Non–structural protein 1 (NS1) has both a “cellular” form and a “secreted” form; highly immunogenic and plays role in replication (Westaway et al., 2002). NS3 is a large (70 kDa) multifunctional protein having protease, nucleoside triphosphatase (NTPase) and helicase activity. This protein is responsible for cleaving other non–structural proteins from the viral polyprotein. The NS5 is a large (103 kDa) highly conserved multifunctional protein having RNA–dependent RNA polymerase (RdRP) and a methyltransferase (MTase) activity; it is necessary for viral replication (Lindenbach and Rice, 2003). Other non–structural proteins like NS2A, NS2B, NS4A and NS4B inhibit the component of innate immune response against virus infection and thus play a role in virus replication.

WNV Phylogenetic Diversity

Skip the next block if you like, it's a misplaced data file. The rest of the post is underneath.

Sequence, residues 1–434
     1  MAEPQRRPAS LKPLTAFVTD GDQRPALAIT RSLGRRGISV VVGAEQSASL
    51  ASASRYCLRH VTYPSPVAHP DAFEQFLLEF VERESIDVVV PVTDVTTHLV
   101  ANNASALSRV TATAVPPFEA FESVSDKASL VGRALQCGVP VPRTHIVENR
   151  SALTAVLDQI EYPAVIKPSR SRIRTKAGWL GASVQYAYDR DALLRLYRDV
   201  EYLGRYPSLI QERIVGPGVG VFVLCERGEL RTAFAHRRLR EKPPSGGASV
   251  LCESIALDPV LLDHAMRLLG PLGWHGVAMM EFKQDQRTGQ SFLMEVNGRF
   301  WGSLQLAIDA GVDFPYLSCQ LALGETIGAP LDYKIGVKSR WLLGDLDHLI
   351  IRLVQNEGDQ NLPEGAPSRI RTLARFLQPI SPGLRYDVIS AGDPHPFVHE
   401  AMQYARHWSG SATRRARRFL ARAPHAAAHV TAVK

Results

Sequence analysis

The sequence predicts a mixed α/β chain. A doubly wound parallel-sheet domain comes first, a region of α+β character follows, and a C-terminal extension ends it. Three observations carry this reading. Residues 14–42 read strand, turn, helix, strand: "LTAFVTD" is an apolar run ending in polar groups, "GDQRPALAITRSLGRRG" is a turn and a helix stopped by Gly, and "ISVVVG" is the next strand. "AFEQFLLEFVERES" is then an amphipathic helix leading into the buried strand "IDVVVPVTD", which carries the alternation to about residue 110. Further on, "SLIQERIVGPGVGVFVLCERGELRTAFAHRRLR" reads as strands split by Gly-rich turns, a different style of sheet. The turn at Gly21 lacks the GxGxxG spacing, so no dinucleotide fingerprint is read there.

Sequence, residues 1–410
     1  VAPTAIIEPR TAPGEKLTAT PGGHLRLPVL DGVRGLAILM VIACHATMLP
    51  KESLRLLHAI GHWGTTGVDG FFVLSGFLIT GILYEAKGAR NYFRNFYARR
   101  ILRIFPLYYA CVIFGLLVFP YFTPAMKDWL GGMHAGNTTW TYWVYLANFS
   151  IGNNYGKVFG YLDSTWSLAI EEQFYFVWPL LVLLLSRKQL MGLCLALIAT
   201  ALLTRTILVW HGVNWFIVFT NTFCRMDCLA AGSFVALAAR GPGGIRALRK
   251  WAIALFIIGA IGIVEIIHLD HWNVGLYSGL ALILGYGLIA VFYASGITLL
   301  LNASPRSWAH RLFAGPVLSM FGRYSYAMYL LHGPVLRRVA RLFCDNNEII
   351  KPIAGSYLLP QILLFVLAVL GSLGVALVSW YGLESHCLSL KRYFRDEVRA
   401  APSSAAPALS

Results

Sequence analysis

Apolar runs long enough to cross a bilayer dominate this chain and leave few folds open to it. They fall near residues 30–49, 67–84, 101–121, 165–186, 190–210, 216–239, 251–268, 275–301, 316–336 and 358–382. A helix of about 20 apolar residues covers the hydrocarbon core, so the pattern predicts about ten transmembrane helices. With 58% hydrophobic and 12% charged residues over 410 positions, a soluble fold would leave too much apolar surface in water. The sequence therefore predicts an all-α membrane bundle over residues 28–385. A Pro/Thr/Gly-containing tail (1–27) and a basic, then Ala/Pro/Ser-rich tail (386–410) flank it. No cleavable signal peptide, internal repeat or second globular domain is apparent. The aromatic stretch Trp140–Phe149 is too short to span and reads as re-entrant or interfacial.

Based on phylogenetic analysis, WNV has been previously classified into two major genetic lineages (Kramer et al., 2008). Lineage 1 is widespread in Europe, the USA, the Middle East, India, Africa and Australia while lineage 2 is mainly present in Sub–Sahran Africa, Madagascar and Central and Eastern Europe (Bakonyi et al., 2006; Platonov et al., 2008). In general, lineage 1 viruses are considered to be more virulent than the lineage 2 viruses. Lineage 1 is further subdivided into three different clades: 1a, 1b and 1c (De Filette et al., 2012). WNV–1a is mainly found in Europe, North America, Middle East and Africa (May et al., 2011). WNV–1b includes the Australian Kunjin virus and lineage 1c contains some Indian isolates.